Fake antivirus software that tricks web users into believing their PC is infected accounts for 15 percent of all malicious software found online, says Google.

A new report from the search engine giant also reports that fake antivirus software makes up 50 percent of all malware delivered by advertising.

"Fake Antivirus is a quickly-growing attack trend," Google said.

Fake antivirus software convinces PC users their machine is crawling with malware, and that they should pay a one-off sum to install software that will remove the threat.

It can also prevent other programs from opening, including any security software already installed on the PC, making web users feel they have no choice but to part with their hard-earned cash.

But once worried users pay up, not only have cybercriminals managed to extract money, they also have users' credit card details.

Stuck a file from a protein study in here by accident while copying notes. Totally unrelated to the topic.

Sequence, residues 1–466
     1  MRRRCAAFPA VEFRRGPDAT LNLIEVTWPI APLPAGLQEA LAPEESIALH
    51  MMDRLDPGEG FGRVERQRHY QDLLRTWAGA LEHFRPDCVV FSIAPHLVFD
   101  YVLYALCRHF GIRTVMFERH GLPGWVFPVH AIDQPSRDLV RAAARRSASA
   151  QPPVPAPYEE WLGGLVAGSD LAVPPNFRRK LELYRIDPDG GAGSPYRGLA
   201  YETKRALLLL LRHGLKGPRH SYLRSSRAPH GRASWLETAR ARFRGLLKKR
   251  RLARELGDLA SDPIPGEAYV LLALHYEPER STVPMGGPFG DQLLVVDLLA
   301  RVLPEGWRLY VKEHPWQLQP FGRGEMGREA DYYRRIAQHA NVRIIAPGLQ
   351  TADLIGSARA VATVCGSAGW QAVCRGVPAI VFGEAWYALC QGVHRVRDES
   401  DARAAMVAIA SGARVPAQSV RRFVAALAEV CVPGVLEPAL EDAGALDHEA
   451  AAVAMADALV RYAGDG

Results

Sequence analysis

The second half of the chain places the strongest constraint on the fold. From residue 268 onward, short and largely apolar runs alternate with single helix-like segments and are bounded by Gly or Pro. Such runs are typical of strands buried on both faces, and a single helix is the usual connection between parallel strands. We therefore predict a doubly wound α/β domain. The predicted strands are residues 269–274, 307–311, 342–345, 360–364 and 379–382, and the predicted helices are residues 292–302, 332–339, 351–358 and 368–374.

Google said the number of domains hosting fake antivirus software surged in 2009. At the end of 2009 there 587 domains hosting fake antivirus software compared to just 93 at the start of last year.

"As users are becoming increasingly aware of the need to secure their computers, attackers have been leveraging this awareness by employing social engineering techniques to distribute Fake AV software," Google said.

"Fake AV domains often target high-profile sites. For example, Facebook, the New York Times and Twitter have all been used to distribute Fake Antivirus (often through malicious advertisement or user posts."

Google said it had developed software that will speed up detection of fake antivirus software in a bid to help genuine security software detect fake antivirus code.

See also: Scammers pounce on McAfee fiasco with fake AV